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Privacy Law - where are we now?

NZ $85.00
John Edwards Dr Paul Roth
John Edwards
Dr Paul Roth
Faculty of Law
University of Otago

Published: 15 May 2013
Pages: 105


2013 is the twentieth anniversary of the enactment of the Privacy Act, so it is fitting for the New Zealand Law Society to offer another seminar on the topic. Since the first NZLS Privacy Act seminar in 1993, there have been a number of changes in the privacy law landscape, including all existing case law on the legislation in the form of Privacy Commissioner case notes and many Tribunal and High Court decisions.

The Privacy Act deals with the currency of “personal information”, that is, information about individuals. Even if you are a corporate lawyer with little direct concern with personal information in your practice, all your clients will work with this type of information all the time, so it is vitally important that lawyers are able to orient themselves in the terrain and know the rights and duties that operate within it. That a number of Privacy Act cases have concerned breaches by lawyers indicates that not all practitioners have come to grips with their obligations under the legislation. That many defendants in privacy cases have been poorly advised by their lawyers is clear from decisions of the Tribunal. Furthermore, it is clear that privacy policies in at least some public sector agencies are not reasonably effective, as demonstrated by recent high profile data breaches at the Earthquake Commission, ACC, IRD, Immigration NZ, the Ministry of Social Development, the Ministry of Education, and (Queenstown) Lakes Environmental.

New Zealand is a member of an ever-growing number of nations with privacy legislation. The first national data privacy law was Sweden’s Data Act in 1973. At last count, 86 out of the 193 members of the United Nations now have privacy laws, including many of New Zealand’s trading partners. This is recognition that in the modern world, there is a need for regulating the collection and use of personal information by government and business, both of whose activities are now carried on across borders in an increasingly connected world.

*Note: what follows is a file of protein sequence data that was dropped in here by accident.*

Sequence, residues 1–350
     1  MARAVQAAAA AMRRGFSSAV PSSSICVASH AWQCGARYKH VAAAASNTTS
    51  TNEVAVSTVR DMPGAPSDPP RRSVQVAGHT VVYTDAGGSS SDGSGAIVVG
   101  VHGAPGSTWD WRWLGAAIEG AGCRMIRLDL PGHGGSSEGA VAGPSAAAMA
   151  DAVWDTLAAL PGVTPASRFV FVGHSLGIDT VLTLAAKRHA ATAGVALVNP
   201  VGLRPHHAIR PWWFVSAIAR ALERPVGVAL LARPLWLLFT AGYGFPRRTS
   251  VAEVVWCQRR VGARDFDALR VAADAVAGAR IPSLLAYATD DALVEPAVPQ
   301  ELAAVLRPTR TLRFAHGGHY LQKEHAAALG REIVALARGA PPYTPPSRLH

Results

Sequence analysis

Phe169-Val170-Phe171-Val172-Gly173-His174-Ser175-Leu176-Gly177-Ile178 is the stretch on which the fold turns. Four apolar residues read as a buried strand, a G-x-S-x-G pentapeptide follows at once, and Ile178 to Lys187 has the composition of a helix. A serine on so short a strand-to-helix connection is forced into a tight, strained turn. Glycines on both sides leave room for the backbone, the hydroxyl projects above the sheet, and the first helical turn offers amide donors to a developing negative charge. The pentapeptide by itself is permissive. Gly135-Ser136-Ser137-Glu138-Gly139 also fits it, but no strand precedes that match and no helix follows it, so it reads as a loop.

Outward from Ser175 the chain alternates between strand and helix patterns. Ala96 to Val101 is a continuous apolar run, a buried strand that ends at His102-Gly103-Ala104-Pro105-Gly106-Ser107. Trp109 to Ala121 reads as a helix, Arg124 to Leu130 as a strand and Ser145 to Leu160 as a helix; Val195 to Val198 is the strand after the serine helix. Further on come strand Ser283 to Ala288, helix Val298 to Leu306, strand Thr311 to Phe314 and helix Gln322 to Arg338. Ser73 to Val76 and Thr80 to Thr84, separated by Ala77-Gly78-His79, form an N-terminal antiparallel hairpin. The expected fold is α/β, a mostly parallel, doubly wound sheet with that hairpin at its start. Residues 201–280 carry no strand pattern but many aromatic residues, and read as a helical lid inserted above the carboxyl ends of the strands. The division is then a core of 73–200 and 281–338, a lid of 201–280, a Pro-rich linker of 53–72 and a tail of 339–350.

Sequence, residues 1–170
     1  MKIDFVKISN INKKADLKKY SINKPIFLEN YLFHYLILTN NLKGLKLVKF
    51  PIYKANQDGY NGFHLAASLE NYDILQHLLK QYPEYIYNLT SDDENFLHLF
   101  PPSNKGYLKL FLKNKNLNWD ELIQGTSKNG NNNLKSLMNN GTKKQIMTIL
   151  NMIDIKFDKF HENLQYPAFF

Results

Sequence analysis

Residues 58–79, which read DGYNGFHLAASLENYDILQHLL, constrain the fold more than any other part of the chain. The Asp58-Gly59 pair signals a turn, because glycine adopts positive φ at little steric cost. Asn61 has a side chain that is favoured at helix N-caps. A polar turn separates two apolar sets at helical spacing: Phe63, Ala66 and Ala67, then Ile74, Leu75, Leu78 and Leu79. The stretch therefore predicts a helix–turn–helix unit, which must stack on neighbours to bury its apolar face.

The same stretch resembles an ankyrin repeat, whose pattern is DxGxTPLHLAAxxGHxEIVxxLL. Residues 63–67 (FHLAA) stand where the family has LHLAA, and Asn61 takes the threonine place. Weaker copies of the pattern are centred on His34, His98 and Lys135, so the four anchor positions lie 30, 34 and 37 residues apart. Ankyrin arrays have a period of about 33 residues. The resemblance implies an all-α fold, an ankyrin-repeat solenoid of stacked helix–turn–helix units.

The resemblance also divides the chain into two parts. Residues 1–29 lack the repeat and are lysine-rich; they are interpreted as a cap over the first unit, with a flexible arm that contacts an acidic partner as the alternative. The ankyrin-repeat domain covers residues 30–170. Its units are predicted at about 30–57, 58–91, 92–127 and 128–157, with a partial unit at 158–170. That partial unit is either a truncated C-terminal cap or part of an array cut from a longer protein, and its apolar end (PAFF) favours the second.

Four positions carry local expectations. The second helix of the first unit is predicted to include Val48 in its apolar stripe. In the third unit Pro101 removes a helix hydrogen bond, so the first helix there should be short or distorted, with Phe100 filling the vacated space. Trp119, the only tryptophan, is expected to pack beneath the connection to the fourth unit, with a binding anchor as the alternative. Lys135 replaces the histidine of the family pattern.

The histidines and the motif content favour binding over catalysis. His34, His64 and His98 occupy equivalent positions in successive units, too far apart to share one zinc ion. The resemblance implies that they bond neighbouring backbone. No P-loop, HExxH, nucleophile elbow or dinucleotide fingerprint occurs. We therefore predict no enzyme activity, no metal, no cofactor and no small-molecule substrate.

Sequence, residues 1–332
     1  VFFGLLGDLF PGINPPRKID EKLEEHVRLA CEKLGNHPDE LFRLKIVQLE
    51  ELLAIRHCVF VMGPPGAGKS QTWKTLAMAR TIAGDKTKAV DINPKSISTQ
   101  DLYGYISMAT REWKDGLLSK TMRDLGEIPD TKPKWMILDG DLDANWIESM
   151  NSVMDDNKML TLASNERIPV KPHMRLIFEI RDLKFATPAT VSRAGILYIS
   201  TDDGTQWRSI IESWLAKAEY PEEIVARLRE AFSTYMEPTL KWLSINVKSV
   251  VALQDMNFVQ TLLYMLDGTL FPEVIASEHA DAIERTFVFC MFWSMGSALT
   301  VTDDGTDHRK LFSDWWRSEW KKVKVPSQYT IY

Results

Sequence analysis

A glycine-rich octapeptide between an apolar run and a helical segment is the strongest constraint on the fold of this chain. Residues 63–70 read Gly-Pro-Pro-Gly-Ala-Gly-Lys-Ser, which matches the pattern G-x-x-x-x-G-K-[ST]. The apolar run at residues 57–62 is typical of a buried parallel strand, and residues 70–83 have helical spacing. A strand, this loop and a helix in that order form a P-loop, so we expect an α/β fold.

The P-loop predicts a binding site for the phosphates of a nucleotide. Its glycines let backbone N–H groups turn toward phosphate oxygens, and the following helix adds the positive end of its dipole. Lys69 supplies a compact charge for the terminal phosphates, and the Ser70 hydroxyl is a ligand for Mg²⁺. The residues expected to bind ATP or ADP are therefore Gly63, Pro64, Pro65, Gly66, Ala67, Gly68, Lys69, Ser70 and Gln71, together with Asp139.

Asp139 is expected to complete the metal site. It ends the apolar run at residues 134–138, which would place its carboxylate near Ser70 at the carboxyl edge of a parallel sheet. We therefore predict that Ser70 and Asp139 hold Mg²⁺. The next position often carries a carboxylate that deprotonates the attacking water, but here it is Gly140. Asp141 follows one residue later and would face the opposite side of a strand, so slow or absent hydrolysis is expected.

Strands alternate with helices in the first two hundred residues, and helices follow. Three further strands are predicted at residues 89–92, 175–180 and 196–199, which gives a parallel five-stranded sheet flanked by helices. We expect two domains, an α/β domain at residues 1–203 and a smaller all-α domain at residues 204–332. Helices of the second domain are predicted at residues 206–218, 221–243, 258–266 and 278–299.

Internationally, privacy regulation is now under pressure to replace the present notification and consent model of data protection (as contained, for example, in principle 3 of our Privacy Act) with a model based on the use of data. This would require agencies to be transparent in their processing; offer and honor appropriate choices; and entrust agencies to ensure that risks posed to individuals by use of their data are assessed and managed. The emphasis is proposed to be upon the way data isused rather than how it is collected, as is the position at present. This is on the basis that the true value of data may not be understood at the time of its collection, and that future uses that could have significant individual and societal benefits may be lost if regulations focus solely on the collection of data.

Our intention with this booklet is to equip lawyers to deal with privacy issues that arise under the current law on a day to day basis in their practices, and in their clients’ businesses, and to be ready to recognise the import of forthcoming changes in technology, policy and legislation.

John Edwards
Paul Roth

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